The Company Man’s Guide to Starting a Side Hustle — Part II: Think Big, Act Small

by A Manly Guest Contributor on August 7, 2012 · 39 comments

in Money & Career

Editor’s note: This is Part 2 of a 2 part series by Tyler Tervooren of Advanced Riskology, creator of The Bootstrapper Guild.

If a man with limited time, money, and energy decides to start his own micro-business—his own side hustle—he has to be smart about it.

First, he has to find creative ways around all of the barriers that stand in front of him—real or imagined. If you read Part I of this series last week, then you’ve gotten a good jump on this already.

The next task of course, is to take action! And to do that intelligently requires getting started with the right side hustle (read: a profitable one), and finding the low-hanging fruit that you can pick immediately.

This is critical for getting started with an already busy life.

Picking the Right Side Hustle Idea

This section is titled “picking the right idea” because that’s what everyone is looking to do—pick the idea that’s most likely to succeed. Really, though, the idea itself doesn’t much matter, and what’s far more critical is picking the right customer.

Any business can make it if you make an effort to serve the right people, but this is more difficult to think about than just picking an idea, so it gets less attention. Of course, this is detrimental because, at the end of the day, your micro-business doesn’t survive by being interesting or cutting edge or unique. It survives by being useful.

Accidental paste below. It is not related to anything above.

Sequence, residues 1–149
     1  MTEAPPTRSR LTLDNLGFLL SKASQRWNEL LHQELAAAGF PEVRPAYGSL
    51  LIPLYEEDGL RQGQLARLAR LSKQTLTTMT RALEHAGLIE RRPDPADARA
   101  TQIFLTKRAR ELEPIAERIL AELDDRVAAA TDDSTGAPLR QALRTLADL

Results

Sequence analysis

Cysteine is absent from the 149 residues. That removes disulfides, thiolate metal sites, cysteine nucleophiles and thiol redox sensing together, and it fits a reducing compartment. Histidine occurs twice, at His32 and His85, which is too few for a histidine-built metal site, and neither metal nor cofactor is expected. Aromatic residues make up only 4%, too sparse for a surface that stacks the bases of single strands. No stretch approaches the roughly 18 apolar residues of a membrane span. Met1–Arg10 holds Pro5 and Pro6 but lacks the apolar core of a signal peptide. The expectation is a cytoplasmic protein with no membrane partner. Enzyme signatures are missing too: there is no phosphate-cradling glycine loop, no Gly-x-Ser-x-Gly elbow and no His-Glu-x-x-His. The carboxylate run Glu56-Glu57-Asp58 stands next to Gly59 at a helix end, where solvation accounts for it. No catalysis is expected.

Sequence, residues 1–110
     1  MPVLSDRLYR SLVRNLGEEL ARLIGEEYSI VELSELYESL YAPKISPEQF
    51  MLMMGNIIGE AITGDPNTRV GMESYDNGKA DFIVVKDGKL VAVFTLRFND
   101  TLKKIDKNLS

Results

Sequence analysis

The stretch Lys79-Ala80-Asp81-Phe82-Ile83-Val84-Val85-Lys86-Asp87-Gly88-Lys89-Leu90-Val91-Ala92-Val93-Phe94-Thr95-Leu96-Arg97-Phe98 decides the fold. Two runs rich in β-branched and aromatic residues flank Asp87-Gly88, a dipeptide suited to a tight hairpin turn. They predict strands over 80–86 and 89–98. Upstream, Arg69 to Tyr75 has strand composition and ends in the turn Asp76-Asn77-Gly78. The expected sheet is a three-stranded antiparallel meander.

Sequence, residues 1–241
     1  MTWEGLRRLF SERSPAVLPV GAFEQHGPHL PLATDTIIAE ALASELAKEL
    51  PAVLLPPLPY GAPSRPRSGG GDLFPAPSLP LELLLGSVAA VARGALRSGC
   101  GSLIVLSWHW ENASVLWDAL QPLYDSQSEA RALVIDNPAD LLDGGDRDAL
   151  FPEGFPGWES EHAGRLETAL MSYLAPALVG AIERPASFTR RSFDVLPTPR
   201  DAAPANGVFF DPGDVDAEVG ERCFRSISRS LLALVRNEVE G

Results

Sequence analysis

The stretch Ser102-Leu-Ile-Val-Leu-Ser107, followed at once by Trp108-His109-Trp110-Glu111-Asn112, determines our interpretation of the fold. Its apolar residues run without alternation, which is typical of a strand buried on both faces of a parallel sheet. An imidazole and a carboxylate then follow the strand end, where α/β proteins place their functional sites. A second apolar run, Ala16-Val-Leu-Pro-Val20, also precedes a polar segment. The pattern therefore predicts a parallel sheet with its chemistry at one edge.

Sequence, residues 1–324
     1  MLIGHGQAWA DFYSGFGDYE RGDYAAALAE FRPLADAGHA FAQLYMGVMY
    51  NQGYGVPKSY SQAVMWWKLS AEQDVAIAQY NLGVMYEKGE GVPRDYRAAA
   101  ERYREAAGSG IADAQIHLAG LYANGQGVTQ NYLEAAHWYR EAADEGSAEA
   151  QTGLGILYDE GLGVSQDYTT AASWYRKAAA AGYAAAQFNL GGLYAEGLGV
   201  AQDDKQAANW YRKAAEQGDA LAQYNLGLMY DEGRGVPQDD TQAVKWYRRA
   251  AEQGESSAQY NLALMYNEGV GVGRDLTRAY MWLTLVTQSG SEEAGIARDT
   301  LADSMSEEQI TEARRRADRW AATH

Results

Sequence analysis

Picking a customer is harder than picking an idea because an idea is something you can concretely understand in your own head and requires no input from anyone else to feel good about it. If you like your idea, you’re going to be happy. That is, until you get started and realize no one else likes it.

Instead, start with the customer. This is harder because the first thing you have to do is identify a problem that people are having and understand the problem well enough to propose a solution. And it can’t just be a solution that you think is great. Other people have to think so, too.

Damn! Wouldn’t running a side hustle be so much easier if you could just sell things to yourself?

Yet, I’ve never met anyone who regrets building their business around a customer instead of an idea.

And this needn’t be a stressful or overly complicated process. Finding a good customer for your micro-business only requires three steps. Let’s take a look at them.

1. Who is the customer, and what’s their problem?

The more specific you can get when answering this question, the more successful you’ll probably be.

Don’t be fooled by the assumption that if your business solves a common problem for everyone that it will be successful. What’s far more likely is that it will be too general and end up being ignored by everyone.

Instead, really focus in. Think of problems in your own daily life that you’ve solved for yourself. You can use yourself as a case study if you can find others that have a similar problem.

  • Bad example: My customer is a man who needs to save money.
  • Good example: My customer is a father in his 30s who needs to save money on diapers.